Skip to Content

The bitterness of poor quality

A reader sent this to me the other day (Thanks, Emily!), and I love it passionately. So, of course I wanted to share it with you. Isn’t it so perfect??


That’s exactly why when I buy something, I try to ask myself, “Will this be useful and treasured for years to come?”

Shopping that way is better for the environment, better for the people producing the goods, better for my wallet (in the long run) and truly, better for my quality of life. Life with well-made, non-disposable items is just more lovely.

The Ultimate Homemaking eBook collection is still available, now through May 4th. You can get 97 ebooks for $29.97…more details are right here.

Joshua’s 365 post: Silhouette

This site uses Akismet to reduce spam. Learn how your comment data is processed.


Thursday 2nd of May 2013

I love this! Over the years I've noticed that when I buy something because it's a "deal" versus because I need it or know I will treasure it, I almost always end up sending it to goodwill or giving it away. It's much more satisfying to buy items of quality that last.


Wednesday 1st of May 2013

But how do you know that things will last for years to come? We have an expensive washer and dryer. At 12 years, they are dying. We got Calphalon bakeware for wedding gift and all of that is getting chipped etc. I don't think the cost of an item is always related to how long it lasts.

Elaine in Ark

Thursday 2nd of May 2013

Appliances are not made to last very long. They are engineered to fail (planned obsolescence). 12 years for a washer & dryer isn't bad at all! I have a 6 year old front load washer (last time EVER) that I've had to replace the door latch on twice. Now the front of the door nearest the hinge is cracking. Yup, it's plastic.

My mother's electric wringer washing machine lasted all during my childhood, then went to my sister-in-law, then to my niece. That thing chugged away for 40 years.

It's not that they *don't* make them like they used to, it's that they *won't* make them like they used to. Grrrr.


Wednesday 1st of May 2013

That's a really good question that deserves a longer answer. So, I think I'll devote a post to it. :)


Wednesday 1st of May 2013

It is really hard to find well made items. We recently redid our bathroom and the first time we used the tub faucet it sprayed water everywhere... we talked to our contractor - I guess all faucets are now plastic sprayed to look like metal, not real metal parts. So even though we would have spent the money, it is hard to find quality goods. You go to stores (even nice stores) and so much stuff is cheaply made! Even Land's End clothes don't hold up like they used to - I bought pants there and seams were tearing putting them on - I checked the reviews and it was a common complaint. It is so hard to find nice ANYTHING nowadays.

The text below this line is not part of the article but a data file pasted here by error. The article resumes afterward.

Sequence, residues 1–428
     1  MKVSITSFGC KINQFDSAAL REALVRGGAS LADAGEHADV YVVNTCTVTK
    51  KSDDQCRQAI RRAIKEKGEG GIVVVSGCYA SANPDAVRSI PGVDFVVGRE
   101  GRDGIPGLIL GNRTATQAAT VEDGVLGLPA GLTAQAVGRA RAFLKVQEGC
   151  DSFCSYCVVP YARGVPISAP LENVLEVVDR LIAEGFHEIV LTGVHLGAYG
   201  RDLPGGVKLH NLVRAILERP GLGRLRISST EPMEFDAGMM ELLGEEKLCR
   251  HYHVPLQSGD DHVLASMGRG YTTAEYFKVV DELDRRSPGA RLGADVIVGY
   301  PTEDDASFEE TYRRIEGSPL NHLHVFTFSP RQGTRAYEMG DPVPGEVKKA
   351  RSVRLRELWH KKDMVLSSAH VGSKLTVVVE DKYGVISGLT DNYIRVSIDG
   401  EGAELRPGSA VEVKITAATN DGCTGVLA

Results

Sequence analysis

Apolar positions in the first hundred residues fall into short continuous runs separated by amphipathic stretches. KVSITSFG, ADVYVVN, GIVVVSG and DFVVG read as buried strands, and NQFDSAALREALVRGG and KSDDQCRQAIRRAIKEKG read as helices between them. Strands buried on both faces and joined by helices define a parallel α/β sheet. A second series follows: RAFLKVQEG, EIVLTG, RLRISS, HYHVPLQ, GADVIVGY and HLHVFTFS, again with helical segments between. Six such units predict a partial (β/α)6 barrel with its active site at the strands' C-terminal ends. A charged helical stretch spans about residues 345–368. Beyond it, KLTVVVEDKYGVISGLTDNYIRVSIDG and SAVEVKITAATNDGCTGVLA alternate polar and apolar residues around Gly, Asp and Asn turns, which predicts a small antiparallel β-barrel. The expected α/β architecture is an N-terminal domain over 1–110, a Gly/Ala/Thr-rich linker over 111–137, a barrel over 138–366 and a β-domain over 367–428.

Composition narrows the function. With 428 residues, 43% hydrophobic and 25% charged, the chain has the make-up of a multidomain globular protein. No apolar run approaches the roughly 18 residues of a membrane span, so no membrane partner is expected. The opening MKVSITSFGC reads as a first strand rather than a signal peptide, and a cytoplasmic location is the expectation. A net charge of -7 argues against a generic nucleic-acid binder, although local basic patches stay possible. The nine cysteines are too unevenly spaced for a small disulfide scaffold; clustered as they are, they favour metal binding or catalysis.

Wednesday 1st of May 2013

In addition to the benefits already mentioned (long lasting, better deal over the lifetime of the product, better for the environment), there's a moral aspect as well: mortal hazard.

Cheaply made goods are almost always produced in dangerous conditions, because the manufacturer needs to cut costs beyond the limit. H&M sweaters are typically made in unsafe sweatshops, Dale of Norway sweaters in well regulated and safe ones. (I've seen reports of the former, and seen the factories of the latter.) This is one of the reasons I won't shop at Walmart - their pressure for low prices puts workers in danger, sometimes of their lives.


Wednesday 1st of May 2013

ITA that cheap clothing is often made in sweatshops, but more expensive clothing often is as well. A case in point - the building in Bangladesh that collapsed last week housed sweatshops making clothes for the Children's Place and Benetton, among others. It is so frustrating trying to find well and ethically made clothing.

Elaine in Ark

Wednesday 1st of May 2013

It really is getting harder to find quality goods. I bought a lawn mower and a string timmer from a manufacturer that used to be the BEST. Now, they've both failed and can't be repaired. I went online and found so many complaints about the same products/maker. Their products are made cheaply overseas and don't last at all.

My new lawn mower was made in America and it's performing like a champ! It wasn't really all that much more expensive than the usual junk that I see everywhere. I should send them a nice email...


Friday 3rd of May 2013

Thank you, Elaine, on behalf of someone whose dad and brother work here in the USA manufacturing lawnmowers and snowblowers!

This site uses Akismet to reduce spam. Learn how your comment data is processed.